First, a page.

Younger people have simply grown up in a world where sharing the details of their daily life with media—not just to intimate friends—seems totally normal. Unfortunately, that sense of normalcy, coupled with an incomplete understanding of just how internet savvy the police are these days, can land you in jail. If you're used to posting about the details of your life online, you need to understand where to draw the line—especially if it involves drinking or drug use and driving.
The police don't have to catch you in the act in order to charge you with a DUI.
This fact is what tends to trip up a lot of people—after all, "driving" would seem like it is a major part of any DUI charge. What most people don't know is that the laws in many states are broadly worded—most of the time all the prosecution has to prove is that
- You drove a motor vehicle of some sort.
- You were drunk or under the influence of drugs at the time.
That means that you most certainly don't have to be caught in the act in order to find the police at the door, long after your car is parked and you've sobered up.
Posting to social media about your escapade will probably get you caught.
Think about your social media accounts for a moment. Do you have all of them set to the strictest privacy settings? Even if you do, do you actually know every person who is on your "friend" list, or have you met some of them only through your shared interests online? If you do know everyone personally, can you say with authority that they would never tip off the police, even if you did something like drink and drive and then post about it?
Take the case of Jacob Cox-Brown, from Oregon. He hit another car while drinking and driving, but fled the scene and left the police without any clues—until he acknowledged what he did on Facebook in a lighthearted post and a friend promptly turned him in. While he escaped a drunk driving charge because of a lack of evidence, he was charged with two counts of failing to perform the duties of a driver due to the hit and run.
A Kentucky man whose Facebook post caught the attention of an off-duty officer wasn't so lucky. The man was arrested for drinking and driving after posting a photo, complete with the speedometer showing, as he was driving with an open bottle of gin.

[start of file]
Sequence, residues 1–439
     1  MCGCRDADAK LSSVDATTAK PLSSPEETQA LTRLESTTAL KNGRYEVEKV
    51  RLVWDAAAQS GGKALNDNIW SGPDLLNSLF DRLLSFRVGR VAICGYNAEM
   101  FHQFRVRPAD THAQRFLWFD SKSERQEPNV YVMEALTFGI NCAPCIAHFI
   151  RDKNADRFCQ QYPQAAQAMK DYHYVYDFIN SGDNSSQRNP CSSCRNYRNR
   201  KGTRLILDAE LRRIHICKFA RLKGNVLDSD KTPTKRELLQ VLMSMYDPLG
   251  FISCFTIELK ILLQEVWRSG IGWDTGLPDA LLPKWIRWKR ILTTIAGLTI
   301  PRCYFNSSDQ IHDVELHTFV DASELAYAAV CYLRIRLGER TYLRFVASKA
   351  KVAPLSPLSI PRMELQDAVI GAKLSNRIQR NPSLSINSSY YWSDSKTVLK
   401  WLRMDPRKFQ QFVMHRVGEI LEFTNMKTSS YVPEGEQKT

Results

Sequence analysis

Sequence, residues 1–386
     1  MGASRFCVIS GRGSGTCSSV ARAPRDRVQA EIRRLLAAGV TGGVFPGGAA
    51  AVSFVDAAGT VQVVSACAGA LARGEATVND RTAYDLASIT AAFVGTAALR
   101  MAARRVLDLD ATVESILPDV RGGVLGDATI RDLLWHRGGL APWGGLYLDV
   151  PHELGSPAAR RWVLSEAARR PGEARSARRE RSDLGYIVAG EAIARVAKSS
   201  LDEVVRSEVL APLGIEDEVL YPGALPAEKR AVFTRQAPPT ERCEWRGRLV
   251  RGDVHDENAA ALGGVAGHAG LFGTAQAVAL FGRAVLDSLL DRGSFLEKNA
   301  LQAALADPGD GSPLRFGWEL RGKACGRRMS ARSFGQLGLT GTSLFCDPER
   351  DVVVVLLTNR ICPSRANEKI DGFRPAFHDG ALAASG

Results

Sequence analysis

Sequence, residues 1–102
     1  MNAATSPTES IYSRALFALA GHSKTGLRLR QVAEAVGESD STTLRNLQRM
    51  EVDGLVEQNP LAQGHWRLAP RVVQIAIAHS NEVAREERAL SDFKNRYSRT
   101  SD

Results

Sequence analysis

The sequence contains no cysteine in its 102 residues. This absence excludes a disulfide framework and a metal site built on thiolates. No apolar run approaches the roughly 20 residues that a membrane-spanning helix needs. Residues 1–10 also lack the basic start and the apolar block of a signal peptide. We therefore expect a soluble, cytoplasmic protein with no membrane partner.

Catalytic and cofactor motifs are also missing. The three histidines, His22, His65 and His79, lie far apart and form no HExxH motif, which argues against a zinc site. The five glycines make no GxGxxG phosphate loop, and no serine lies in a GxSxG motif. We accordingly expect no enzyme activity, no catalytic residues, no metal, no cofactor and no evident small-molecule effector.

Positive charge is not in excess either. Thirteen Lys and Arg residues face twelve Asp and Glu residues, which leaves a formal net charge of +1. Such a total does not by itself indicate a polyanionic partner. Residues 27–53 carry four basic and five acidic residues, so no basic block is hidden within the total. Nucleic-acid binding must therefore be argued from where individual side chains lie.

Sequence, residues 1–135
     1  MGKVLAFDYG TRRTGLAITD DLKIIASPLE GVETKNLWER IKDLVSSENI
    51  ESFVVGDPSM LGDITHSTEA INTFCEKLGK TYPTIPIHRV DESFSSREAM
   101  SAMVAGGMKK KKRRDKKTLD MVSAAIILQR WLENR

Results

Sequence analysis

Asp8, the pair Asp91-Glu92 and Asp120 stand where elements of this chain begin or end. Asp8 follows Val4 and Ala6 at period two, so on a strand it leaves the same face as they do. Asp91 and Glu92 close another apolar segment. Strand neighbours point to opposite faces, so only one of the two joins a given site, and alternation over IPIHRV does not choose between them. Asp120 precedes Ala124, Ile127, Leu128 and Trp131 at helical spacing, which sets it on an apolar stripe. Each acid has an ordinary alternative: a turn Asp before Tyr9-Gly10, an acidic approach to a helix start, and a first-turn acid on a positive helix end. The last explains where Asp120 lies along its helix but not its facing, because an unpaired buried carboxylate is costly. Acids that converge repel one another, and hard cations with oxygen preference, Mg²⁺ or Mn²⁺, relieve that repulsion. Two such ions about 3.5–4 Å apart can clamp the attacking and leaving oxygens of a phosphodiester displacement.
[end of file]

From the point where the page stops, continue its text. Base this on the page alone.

Posting on social media can also make it harder to get a lenient sentence.
Generally speaking, make the wisest choice and don't get behind the wheel if you've been drinking or using drugs. If you do make a mistake, however, don't compound it by handing the prosecution all of the evidence that they need to arrest and convict you. Keep in mind that posting about something that you know is illegal and dangerous—even if you made it home safely—could make it harder to negotiate a plea deal with prosecutors or get a favorable sentence from the judge. The prosecutor and judge may see your social media posts as an inability or unwillingness to take the issue seriously and show the proper contrition expected from someone who has violated the law and endangered other people. Your actions could even be interpreted as "bragging," which is not what you want the judge to believe when your sentence is handed down.
In addition, situations that involve social media posts and DUIs are often seen as newsworthy events—so they attract a lot of publicity. In some jurisdictions, that could encourage a judge or prosecutor who is up for reelection to take a hardline approach to your case in order to avoid appearing soft on DUI-related crimes.
For more information on what to do if you are arrested on a DUI charge over a social media post, contact a DUI attorney.